“Ain’t nobody Actin’ White…Or are We?


Once again we are having a “spat” (it’s not worthy of the word “debate”) about whether some Black people are charging others of “acting White” because of their pursuit of academic excellence and their ability to speak “American Edited English” (I am careful not to call it Standard English since it is not the “standard” in many English speaking countries). Although this notion surfaced again because of something President Obama said, its more recent scholarly reiteration comes from a 1986 journal article authored by Fordham and Ogbu. In their article the authors argue that some Black students are teased and chided for their academic excellence because their peers accuse them of “acting White.”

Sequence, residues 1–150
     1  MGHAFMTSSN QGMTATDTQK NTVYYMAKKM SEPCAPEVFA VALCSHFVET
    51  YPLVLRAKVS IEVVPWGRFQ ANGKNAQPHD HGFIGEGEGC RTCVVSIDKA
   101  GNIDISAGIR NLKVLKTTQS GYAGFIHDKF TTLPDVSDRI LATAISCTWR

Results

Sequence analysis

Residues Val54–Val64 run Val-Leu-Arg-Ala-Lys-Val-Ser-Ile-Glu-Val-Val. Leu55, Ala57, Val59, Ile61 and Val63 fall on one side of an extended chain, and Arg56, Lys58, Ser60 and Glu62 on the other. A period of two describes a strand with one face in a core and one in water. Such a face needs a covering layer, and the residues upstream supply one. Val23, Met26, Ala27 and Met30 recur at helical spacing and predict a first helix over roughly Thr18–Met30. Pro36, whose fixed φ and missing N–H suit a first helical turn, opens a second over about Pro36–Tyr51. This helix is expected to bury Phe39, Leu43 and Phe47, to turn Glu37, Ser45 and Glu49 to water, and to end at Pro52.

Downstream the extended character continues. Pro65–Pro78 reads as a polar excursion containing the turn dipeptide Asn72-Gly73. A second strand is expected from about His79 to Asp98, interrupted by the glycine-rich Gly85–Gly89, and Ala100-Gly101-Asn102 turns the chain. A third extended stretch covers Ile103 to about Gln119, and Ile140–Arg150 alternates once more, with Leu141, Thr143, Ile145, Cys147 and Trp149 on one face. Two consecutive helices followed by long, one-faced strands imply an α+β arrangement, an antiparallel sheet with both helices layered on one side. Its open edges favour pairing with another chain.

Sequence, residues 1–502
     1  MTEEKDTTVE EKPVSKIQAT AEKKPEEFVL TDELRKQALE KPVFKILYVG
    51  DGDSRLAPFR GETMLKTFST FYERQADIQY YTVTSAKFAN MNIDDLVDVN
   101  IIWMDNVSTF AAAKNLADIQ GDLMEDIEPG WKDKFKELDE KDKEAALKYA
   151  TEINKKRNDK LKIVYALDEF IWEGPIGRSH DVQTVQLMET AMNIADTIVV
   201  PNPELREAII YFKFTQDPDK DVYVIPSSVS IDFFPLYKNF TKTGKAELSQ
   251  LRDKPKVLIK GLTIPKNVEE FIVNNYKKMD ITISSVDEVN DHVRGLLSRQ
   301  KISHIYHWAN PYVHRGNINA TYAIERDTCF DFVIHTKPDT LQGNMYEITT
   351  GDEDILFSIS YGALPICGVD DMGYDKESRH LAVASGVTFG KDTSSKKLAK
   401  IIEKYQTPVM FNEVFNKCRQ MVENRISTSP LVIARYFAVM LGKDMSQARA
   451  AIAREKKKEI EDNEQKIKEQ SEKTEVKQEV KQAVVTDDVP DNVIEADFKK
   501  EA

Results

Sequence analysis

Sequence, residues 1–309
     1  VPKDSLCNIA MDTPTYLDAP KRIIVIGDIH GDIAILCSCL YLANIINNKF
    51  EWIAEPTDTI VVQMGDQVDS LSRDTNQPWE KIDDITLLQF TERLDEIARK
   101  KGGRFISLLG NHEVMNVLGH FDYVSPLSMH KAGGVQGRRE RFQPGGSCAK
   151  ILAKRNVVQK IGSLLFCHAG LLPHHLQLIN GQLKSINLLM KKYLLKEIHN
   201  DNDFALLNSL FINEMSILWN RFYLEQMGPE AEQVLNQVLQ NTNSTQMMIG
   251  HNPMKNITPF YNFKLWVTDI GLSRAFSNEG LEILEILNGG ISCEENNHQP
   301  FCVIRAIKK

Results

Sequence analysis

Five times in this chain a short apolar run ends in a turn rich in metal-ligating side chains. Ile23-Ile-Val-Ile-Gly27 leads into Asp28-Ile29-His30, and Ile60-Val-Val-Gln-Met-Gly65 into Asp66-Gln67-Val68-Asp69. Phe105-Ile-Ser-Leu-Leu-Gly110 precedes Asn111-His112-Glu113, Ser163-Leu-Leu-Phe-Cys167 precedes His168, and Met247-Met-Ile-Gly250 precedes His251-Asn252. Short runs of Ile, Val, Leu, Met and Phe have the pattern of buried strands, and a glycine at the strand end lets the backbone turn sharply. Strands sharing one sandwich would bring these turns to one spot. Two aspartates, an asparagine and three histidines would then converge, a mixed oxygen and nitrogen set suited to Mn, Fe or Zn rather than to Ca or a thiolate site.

Other scholars (Tyson, Darity, & Castellino, 2005) conducted a mixed methods study that demonstrated that many academically successful Black students are encouraged and admired by their peers without being accused of “acting White.” Peter Murrell argued that the “acting White” phenomenon may be a developmental stage, especially when Black students are in desegregated schools where they are the minority. Later, Murrell argues, many of those students who enter colleges or universities with established Black Student Unions or similar affiliation groups identify strongly with Black culture and aesthetics. Even more interesting, Ferguson conducted a study of 35,000 students–Black, White, Latin@, and Asian-American and found that ALL students reported that their peers tease each other for being highly school-focused and call it “Acting White” and Latin@ and Asian-American students reported this behavior at a higher rate than Black students!